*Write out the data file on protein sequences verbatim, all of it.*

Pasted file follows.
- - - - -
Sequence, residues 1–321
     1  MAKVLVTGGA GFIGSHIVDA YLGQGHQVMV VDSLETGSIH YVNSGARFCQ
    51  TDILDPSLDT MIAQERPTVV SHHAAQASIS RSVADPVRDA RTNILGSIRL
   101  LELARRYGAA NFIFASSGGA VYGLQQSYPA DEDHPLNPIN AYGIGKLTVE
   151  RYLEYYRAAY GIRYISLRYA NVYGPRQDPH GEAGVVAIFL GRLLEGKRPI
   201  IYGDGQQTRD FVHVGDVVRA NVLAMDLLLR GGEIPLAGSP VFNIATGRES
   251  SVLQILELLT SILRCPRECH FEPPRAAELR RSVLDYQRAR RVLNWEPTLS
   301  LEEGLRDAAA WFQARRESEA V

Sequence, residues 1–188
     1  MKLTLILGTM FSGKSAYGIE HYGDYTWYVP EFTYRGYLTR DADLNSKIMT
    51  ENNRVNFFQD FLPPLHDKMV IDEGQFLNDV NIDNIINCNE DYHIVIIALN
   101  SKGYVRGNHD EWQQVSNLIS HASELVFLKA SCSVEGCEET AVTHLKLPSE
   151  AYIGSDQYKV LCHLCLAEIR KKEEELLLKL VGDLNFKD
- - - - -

Sequence, residues 1–321
     1  MAKVLVTGGA GFIGSHIVDA YLGQGHQVMV VDSLETGSIH YVNSGARFCQ
    51  TDILDPSLDT MIAQERPTVV SHHAAQASIS RSVADPVRDA RTNILGSIRL
   101  LELARRYGAA NFIFASSGGA VYGLQQSYPA DEDHPLNPIN AYGIGKLTVE
   151  RYLEYYRAAY GIRYISLRYA NVYGPRQDPH GEAGVVAIFL GRLLEGKRPI
   201  IYGDGQQTRD FVHVGDVVRA NVLAMDLLLR GGEIPLAGSP VFNIATGRES
   251  SVLQILELLT SILRCPRECH FEPPRAAELR RSVLDYQRAR RVLNWEPTLS
   301  LEEGLRDAAA WFQARRESEA V

Sequence, residues 1–188
     1  MKLTLILGTM FSGKSAYGIE HYGDYTWYVP EFTYRGYLTR DADLNSKIMT
    51  ENNRVNFFQD FLPPLHDKMV IDEGQFLNDV NIDNIINCNE DYHIVIIALN
   101  SKGYVRGNHD EWQQVSNLIS HASELVFLKA SCSVEGCEET AVTHLKLPSE
   151  AYIGSDQYKV LCHLCLAEIR KKEEELLLKL VGDLNFKD